Thorp, J. R. L., 1990, Wall Painting and Lime Plaster Decoration, 143, 146 (Article in Monograph). SDV344073.

Other details: 7.33.

Department of Environment, 1993, Bideford, 16-18 (List of Blds of Arch or Historic Interest). SDV6992.

House, now hotel. Late 17th century (believed to be 1688); enlarged and converted to an hotel in 1889. Solid rendered walls. Slate roof. Old red-brick chimney with upper courses projecting to from an entablature, on ridge of 17th century range to left. Several late 19th century red-brick chimneys in similar style.
Plan: late 17th century range is one room deep and 3 rooms wide, the middle room forming the stair compartment and original main entrance; on the first floor 2 original closets are taken out of the left side of the left-hand room. Wood's map of 1842 shows a left wing and rear block. In 1889 the New London Inn to the right was joined to the house, rebuilt or enlarged, and the whole converted to a high-class hotel. This added range is 2 rooms wide and 3 rooms deep, the middle room containing entrance-hall and main staircase. The rear block of 1842 was also rebuilt or converted into a domestic range with direct access to the railway platform behind. The courtyard between it and the 17th century house is now occupied by a single-storeyed dining-room with covered-in well. Seventeenth century house 2-storeyed with garret; remainder 3-storeyed. Seventeenth century part is of 8-window range with original entrance in place of fourth ground-storey window from left. Horizontallly-channelled ground storey with moulded plinth; late 19th century keystones with eagles projecting from them. Entablature above, the frieze decorated with circular panels. Upper-storey windows have bolection-moulded architraves and bracketed sills. Parapet designed as a simple entablature. Original entrance has double-doors; each leaf with a flush lower panel built out in shallow pyramidal form; above it a taller enriched panel with round head. In place of third window from right are mid/late 20th century double-doors and canopy, possibly replacing an earlier entrance. Windows in both storeys have 2-paned sashes with margin-panes. One mid/late 20th century dormer-window. Right-hand half of building is closely similar in style: 4 windows wide with 1 window on the splayed corner and 4 on the return front to right. Entablature above second storey with prominent cornice. In the third storey the corner window and the adjoining window on each front are developed into a quasi-octagonal turret with genuinely octagonal steeple. Adjoining windows finished with triangular pediments containing incised royal arms and surmounted by ball-finials on pedestals. One of the Barnstaple Street ground-storey windows is a former doorway, the first-floor entablature built out as a bracketed hood and surmounted by a scrolled ball-finial. Main entrance on return front has pilasters and a low segmental hood on massive brackets. Windows have plain sashes throughout, except in canted bay to right of ground storey in return front; this has barred sashes and top entablature. Rear elevation to former railway platform (now a public path) is 2-storeyed in similar style to the front. Single-storeyed porch with panelled piers. Gable with ball-finial at either end. Large canted bay window to left. Simple 19th century iron railings in front; steps to left have more elaborate baluster-rails inscribed TARDREW & CO. BIDEFORD.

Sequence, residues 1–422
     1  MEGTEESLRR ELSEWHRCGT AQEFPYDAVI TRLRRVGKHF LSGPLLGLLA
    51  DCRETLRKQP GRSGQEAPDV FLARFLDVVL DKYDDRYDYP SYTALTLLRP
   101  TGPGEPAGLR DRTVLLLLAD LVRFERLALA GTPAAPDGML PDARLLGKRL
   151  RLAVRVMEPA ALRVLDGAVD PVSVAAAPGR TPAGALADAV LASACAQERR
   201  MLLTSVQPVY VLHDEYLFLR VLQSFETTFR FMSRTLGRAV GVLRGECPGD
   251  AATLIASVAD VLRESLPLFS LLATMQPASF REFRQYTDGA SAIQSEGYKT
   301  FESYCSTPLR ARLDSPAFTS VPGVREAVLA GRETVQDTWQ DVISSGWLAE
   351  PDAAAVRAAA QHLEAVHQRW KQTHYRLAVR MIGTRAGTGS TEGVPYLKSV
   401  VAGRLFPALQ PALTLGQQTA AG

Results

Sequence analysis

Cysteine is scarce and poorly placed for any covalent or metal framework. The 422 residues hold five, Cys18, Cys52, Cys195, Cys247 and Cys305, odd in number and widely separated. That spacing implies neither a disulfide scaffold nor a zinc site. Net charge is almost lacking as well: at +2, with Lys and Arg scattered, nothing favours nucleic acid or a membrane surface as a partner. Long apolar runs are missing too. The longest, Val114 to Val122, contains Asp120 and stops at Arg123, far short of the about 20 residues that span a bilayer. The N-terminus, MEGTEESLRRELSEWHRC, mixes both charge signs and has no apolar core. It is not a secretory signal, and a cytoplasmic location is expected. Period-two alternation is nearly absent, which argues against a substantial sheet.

INTERIOR: 17th century range has wooden open-well staircase rising to garret; very heavily-built balustrades with pulvinated closed strings, turned balusters, square newels with flat moulded caps and flower-pendants, flat moulded handrail. Bolection-moulded plaster panels on undersides of flights and landings. Dado with raised bolection-moulded panels, rising to 2 heights on 1st-floor landing; upper panels elsewhere are probably 19th or 20th century . At 1st floor double-doors to each adjacent room: bolection-moulded panels, pulvinated friezes and broken triangular pediments. Kingsley Room to right has raised bolection-moulded panelling of 2 heights in varnished deal with boxed cornice: bolection-moulded wood chimneypiece has overmantel with bolection-moulded panel containing original oil painting of rural scene, hearth with black and white diamond paving-stones and 19th century interior with coloured patterned tiles; bolection-moulded double-doors to right. Kingsley Room also has original moulded plaster ceiling with enriched ribs and hight-relief wired ornaments (birds, serpents, cherubs, masks, cartouches, fruit and foliage); quatrefoil centre panel. Bolection-moulded panelled shutters. Kingsley Bedroom to left is closely similar, but with painted panelling and plain shutters: chimneypiece has no oil painting, but inset is a smaller mid 19th century white marble chimneypiece with contemporary keyhole-shaped iron grate; ceiling has simpler-shaped panels with less enrichments and a smaller range of wired ornaments. Front closet to left also has raised bolection-moulded panelling. 1889 extension has wooden stair in a roughly late 17th century manner; ground-floor public rooms finished in the same style. At rear of ground-floor to left, 3 cells with studded wooden doors and inspection hatches, probably mid 19th century; Wood's map of 1842 calls the 17th century building 'Old Work House'.